Sam Riley keeps a steady pace with his talented film companion. The director perfectly captures a true partnership and astonishing dynamic between Marie and Pierre. Their bond, passion, and their way of working was reminiscent of how Lorraine and Ed Warren are portrayed in Conjuring films.
As exhilarating and (partly) controversial as Marie Sklodowska-Curie is in Radioactive, there are a few small flaws. The first of them is the lack of Polish and French speaking accents. That, however, may be simply my subjective observation and doesn’t take away from the plot. When watching Radioactive, one can also notice that the transitions in the scenes are seldom rough around the edges. However, those small imperfections don’t disrupt the excellent performance of Pike.
Being a sucked for dramas, I couldn’t stop but remark incredible costumes and hairstyles of the end of 1800s and beginning of the 1900s. Consolata Boyle, the costume designer for Radioactive, helped bring authenticity to the plot and absolutely nailed the clothing of the main character. Robert Wischhusen-Hayes also assisted the audience in visualizing Paris in the 1800-1900s with his set decoration.
The film as a whole is like a rough diamond – it may be rough around the edges, yet tells the extraordinary narrative. Satrapi delivers a sublime story about one of the most legendary pioneers and does it right. In her vision, the director also includes moments where science borders on spiritualism. To help, she uses blurry shots, as well as a close-ups of the characters’ faces. One of the most interesting elements that make this biopic different than others are the scenes of scientific reactions appearing before the audience’s eyes. Simultaneously, the characters talk about said reactions, and the average viewer can easily comprehend it.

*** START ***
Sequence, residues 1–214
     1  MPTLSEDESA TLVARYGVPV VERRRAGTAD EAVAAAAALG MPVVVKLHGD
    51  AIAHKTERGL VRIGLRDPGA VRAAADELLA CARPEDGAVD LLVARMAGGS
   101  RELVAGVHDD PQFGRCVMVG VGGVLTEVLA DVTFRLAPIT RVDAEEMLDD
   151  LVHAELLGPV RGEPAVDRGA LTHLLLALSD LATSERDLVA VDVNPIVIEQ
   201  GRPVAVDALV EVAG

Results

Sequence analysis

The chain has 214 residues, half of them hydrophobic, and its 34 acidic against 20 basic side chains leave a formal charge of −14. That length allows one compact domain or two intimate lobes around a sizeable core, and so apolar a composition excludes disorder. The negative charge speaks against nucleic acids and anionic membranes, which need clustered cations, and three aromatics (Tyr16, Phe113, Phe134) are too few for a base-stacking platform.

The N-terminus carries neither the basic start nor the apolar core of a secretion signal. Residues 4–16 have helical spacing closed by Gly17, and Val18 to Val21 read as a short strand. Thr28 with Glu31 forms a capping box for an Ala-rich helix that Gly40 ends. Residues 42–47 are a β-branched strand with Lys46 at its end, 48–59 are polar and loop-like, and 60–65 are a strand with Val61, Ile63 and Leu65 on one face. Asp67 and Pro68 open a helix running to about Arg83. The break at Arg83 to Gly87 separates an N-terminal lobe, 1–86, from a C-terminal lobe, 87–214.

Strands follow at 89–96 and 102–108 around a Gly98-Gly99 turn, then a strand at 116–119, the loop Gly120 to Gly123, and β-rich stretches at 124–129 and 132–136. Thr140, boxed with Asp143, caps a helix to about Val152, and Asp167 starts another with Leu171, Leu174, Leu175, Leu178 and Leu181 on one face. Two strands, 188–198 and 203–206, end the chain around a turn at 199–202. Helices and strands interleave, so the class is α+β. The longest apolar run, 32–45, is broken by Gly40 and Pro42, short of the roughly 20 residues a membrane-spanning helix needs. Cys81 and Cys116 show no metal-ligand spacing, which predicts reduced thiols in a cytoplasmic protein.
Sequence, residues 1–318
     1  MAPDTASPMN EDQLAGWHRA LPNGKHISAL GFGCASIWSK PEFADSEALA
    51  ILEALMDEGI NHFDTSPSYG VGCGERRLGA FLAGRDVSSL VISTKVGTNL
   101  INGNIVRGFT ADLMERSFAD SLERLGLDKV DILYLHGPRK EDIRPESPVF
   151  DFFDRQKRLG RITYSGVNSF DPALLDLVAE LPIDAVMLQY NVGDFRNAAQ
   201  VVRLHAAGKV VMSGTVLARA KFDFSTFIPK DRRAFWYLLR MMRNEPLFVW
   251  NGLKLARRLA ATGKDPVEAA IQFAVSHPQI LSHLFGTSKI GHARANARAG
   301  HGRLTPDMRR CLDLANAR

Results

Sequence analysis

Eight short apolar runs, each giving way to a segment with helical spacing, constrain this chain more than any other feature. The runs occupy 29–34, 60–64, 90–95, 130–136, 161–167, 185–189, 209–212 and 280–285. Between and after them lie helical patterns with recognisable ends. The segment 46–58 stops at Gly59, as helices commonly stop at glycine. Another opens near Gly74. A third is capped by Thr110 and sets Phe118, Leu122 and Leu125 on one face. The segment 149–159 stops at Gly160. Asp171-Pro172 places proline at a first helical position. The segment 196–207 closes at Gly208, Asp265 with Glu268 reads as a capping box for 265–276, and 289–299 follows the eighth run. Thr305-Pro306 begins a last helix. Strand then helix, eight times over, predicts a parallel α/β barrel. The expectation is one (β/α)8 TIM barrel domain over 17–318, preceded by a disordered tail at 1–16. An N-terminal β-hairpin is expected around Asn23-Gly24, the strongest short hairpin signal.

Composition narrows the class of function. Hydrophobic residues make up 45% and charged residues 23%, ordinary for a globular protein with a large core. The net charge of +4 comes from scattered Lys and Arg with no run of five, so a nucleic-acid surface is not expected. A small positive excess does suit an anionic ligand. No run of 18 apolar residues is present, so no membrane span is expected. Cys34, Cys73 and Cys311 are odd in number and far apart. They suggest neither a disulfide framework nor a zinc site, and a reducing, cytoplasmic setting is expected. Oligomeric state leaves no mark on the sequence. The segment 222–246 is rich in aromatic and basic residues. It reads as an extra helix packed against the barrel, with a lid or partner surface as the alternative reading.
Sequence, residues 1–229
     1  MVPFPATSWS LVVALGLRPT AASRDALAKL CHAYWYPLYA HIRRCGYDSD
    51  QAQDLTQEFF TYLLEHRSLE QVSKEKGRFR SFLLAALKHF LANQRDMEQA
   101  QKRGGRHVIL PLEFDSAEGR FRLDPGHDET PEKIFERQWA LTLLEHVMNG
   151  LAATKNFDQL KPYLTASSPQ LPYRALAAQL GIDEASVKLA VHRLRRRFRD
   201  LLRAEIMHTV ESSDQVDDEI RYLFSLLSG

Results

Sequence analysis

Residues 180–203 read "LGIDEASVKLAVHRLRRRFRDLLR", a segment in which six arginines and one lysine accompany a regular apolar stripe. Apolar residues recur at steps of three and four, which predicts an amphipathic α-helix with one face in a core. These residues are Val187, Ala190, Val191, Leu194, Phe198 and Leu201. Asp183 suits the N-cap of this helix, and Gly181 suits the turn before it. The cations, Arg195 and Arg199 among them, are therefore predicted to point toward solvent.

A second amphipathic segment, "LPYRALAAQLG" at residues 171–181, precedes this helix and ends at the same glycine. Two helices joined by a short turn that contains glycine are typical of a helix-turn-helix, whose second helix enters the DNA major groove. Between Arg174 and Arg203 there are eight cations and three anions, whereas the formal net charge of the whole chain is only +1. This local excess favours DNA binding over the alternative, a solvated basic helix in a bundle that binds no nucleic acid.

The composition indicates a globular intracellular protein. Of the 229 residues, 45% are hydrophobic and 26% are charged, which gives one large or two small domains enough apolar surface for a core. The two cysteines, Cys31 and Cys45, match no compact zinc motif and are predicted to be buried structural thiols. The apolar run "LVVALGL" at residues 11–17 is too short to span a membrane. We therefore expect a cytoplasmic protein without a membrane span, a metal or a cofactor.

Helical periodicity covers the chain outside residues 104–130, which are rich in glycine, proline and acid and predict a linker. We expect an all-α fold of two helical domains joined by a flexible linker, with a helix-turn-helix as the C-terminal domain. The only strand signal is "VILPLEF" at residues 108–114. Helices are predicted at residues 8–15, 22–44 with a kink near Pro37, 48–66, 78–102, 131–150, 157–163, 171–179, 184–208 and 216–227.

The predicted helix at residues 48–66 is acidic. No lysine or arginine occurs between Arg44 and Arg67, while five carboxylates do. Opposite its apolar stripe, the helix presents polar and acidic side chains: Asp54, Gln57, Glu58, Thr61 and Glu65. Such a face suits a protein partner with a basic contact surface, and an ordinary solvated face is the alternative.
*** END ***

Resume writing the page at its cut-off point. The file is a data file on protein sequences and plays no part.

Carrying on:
When I say that the film is unusual, I mean it. While we get to know the extraordinary woman who’s rather short with people and spends days in her lab, Satrapi also offers us a look into the radium legacy that had positive and negative impacts. We jump in time, following Marie, then go to the Chernobyl or experience nuclear bomb test hitting the staged city and melting mannequins of a mother, father, and a child. The film also displays the advances that scientists had in cancer treatment and the usage of x-ray, all thanks to Marie and Pierre.
“They merely have a problem separating my scientific life from my personal life,” Marie says to her daughter in one scene. Satrapi’s vision was to show the scientist’s whole life, where she was not only a phenomenal researcher, but a mother, wife, and a woman. It may have a few stumbles, but what makes it way different is a presentation of Marie’s life and the aftermath of her discoveries in the long run.
Marie was the embodiment of an incredible passion for science. For these passions, she was also shunned by the Parisian society. In the end, she died doing what she loved the most and changed our world forever. Radioactive gives a tribute to her life, love, and legacy – the film is worth attention.
Radioactive will be available on Amazon Prime on July 24th.